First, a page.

The Candy Chromatography Science Kit can also be used to explore the pigmentation in leaves and flowers or the ink in markers. (See projects and activities listed below.)
Engineering projects encourage students to think creatively, troubleshoot, and innovate. Sometimes there are no single “right” answers, and students will need to work, test, and brainstorm to find their own solutions to problems they encounter or to challenges presented. Building and improving a simple dancing robot whose legs fly off is a great way to “teach” lessons related to engineering and troubleshooting. Plus, Flippy is adorable, and this engineering challenge is a lot of fun!
When it comes to students and introductory robotics projects, every robot has its own personality. Turning toothbrush heads, scrub brushes, and even plastic cups into bots that skitter around is a lot of fun and invites students to add googly eyes and other personal touches to give their bots character. Building different kinds of introductory robots also helps students explore new science and engineering concepts and skills. A good road map of sequential robotics projects can lead to a wonderful series of additive hands-on learning experiments.
Robotics projects give students a chance to work with electronics and robotics principles, but these projects are alsoengineering projects. While step-by-step directions to do the “build” may be provided, students need to be taught how to deal with problems, how to troubleshoot when something doesn’t work, and how to innovate and test new solutions. They need to learn to take these steps proactively and with confidence, and an engineering design project can help develop and reinforce these skills.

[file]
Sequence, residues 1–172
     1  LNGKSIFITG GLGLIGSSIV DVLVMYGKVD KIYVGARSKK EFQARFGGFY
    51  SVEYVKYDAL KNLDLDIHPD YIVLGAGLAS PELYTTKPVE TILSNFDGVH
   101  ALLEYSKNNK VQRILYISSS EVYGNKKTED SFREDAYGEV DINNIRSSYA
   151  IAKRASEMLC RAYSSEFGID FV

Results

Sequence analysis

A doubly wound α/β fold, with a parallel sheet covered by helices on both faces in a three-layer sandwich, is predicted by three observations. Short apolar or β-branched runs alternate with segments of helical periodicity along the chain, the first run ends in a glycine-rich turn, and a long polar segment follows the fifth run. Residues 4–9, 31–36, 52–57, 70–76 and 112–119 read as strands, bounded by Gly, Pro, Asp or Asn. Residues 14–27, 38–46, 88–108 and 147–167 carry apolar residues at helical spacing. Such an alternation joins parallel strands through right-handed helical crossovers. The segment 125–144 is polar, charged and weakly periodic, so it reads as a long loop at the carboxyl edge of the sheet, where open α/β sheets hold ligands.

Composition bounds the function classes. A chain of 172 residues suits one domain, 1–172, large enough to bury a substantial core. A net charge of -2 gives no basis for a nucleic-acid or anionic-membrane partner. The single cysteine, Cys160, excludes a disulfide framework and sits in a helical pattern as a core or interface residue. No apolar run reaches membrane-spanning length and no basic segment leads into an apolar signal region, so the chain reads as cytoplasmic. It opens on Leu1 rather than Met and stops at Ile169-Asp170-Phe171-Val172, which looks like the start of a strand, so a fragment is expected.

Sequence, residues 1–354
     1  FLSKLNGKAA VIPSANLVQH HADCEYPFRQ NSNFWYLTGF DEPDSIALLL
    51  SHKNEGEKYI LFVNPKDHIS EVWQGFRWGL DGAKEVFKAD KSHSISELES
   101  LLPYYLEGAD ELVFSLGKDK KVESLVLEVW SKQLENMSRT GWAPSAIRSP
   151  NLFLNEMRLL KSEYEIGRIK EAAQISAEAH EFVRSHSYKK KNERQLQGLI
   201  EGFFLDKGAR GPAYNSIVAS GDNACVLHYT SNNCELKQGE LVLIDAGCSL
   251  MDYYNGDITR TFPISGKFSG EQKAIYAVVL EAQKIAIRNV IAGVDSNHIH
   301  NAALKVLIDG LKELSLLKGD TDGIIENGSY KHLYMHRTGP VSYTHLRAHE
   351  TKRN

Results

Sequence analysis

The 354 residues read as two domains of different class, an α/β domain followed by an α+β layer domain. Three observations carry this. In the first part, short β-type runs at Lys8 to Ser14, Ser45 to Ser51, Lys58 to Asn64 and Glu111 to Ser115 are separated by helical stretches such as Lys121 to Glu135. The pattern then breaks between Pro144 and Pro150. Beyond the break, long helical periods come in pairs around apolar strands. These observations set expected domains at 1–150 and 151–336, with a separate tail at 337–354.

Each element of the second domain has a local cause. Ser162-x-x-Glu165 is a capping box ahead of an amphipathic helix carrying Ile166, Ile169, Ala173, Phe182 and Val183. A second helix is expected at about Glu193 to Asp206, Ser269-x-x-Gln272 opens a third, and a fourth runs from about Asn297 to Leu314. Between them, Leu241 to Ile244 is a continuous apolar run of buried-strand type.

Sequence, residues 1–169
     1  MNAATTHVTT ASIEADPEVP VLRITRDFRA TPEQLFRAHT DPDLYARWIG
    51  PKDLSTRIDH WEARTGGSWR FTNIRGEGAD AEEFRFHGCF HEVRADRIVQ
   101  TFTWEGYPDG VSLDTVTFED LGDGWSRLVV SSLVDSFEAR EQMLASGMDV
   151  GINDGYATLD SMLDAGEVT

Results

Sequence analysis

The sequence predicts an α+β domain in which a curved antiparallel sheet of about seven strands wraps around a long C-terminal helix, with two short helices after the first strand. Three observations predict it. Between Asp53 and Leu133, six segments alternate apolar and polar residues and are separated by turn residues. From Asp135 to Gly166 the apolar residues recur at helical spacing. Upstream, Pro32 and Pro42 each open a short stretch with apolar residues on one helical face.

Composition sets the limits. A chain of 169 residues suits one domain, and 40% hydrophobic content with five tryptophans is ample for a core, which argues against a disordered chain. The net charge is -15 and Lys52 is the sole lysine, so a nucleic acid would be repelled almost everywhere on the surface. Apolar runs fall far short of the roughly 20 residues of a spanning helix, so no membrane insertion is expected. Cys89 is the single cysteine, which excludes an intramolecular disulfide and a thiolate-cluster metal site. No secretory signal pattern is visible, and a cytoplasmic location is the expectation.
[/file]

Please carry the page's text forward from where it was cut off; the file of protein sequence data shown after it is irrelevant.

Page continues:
What happens when something doesn’t go as expected? What happens when you are out of a material you need? What happens when the build is finished and it works but not well?
Robotics and engineering projects encourage students to think creatively, to troubleshoot, to innovate, and to test different solutions to address problems that arise from, or go beyond, the step-by-step directions. Flippy, the Dancing Robot is a great example of a robotics project that is, more importantly, specifically designed to provide a fun, hands-on exercise in thinking like an engineer.
The action in a popular sci-fi movie explodes when an astronaut stranded on Mars attempts to create water to irrigate his plants. Real-world space science, on the other hand, has been buzzing with new findings about water on Mars. The dry planet isn’t completely dry after all.
The big screen adaptation of Andy Weir’s 2011 novel, The Martian, has been a hit with fans and critics in part because the story of Mark Watney is packed with believable and plausible science and engineering. Watney is stranded on Mars when a Martian storm forces the crew of the Ares III to abandon the planet. Watney, presumed dead, is left behind.
Recording his thought processes and actions as he assesses his current challenges and brainstorms solutions, Watney, a botanist with plenty of attitude and a bevy of engineering and chemistry skills, calls upon his science know-how as he struggles to find ways to survive.